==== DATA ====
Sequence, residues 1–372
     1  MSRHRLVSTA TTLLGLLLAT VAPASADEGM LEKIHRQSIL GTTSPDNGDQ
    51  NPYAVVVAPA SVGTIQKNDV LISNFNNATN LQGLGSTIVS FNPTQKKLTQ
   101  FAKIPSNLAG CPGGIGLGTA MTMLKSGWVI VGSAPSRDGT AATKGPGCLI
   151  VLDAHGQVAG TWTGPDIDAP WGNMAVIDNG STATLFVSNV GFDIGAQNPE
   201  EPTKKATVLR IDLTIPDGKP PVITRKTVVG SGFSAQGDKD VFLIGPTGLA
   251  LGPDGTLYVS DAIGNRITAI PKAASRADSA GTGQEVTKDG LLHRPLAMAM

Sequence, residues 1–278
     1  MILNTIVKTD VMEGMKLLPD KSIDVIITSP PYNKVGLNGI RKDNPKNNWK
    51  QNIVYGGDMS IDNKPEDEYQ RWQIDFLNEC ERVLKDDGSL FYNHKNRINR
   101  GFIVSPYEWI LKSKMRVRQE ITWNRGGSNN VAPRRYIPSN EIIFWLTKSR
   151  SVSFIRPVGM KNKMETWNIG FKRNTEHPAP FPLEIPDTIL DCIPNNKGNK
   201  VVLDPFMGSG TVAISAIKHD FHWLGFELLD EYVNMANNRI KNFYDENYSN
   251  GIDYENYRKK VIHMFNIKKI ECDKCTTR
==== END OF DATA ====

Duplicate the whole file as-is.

Sequence, residues 1–372
     1  MSRHRLVSTA TTLLGLLLAT VAPASADEGM LEKIHRQSIL GTTSPDNGDQ
    51  NPYAVVVAPA SVGTIQKNDV LISNFNNATN LQGLGSTIVS FNPTQKKLTQ
   101  FAKIPSNLAG CPGGIGLGTA MTMLKSGWVI VGSAPSRDGT AATKGPGCLI
   151  VLDAHGQVAG TWTGPDIDAP WGNMAVIDNG STATLFVSNV GFDIGAQNPE
   201  EPTKKATVLR IDLTIPDGKP PVITRKTVVG SGFSAQGDKD VFLIGPTGLA
   251  LGPDGTLYVS DAIGNRITAI PKAASRADSA GTGQEVTKDG LLHRPLAMAM

Sequence, residues 1–278
     1  MILNTIVKTD VMEGMKLLPD KSIDVIITSP PYNKVGLNGI RKDNPKNNWK
    51  QNIVYGGDMS IDNKPEDEYQ RWQIDFLNEC ERVLKDDGSL FYNHKNRINR
   101  GFIVSPYEWI LKSKMRVRQE ITWNRGGSNN VAPRRYIPSN EIIFWLTKSR
   151  SVSFIRPVGM KNKMETWNIG FKRNTEHPAP FPLEIPDTIL DCIPNNKGNK
   201  VVLDPFMGSG TVAISAIKHD FHWLGFELLD EYVNMANNRI KNFYDENYSN
   251  GIDYENYRKK VIHMFNIKKI ECDKCTTR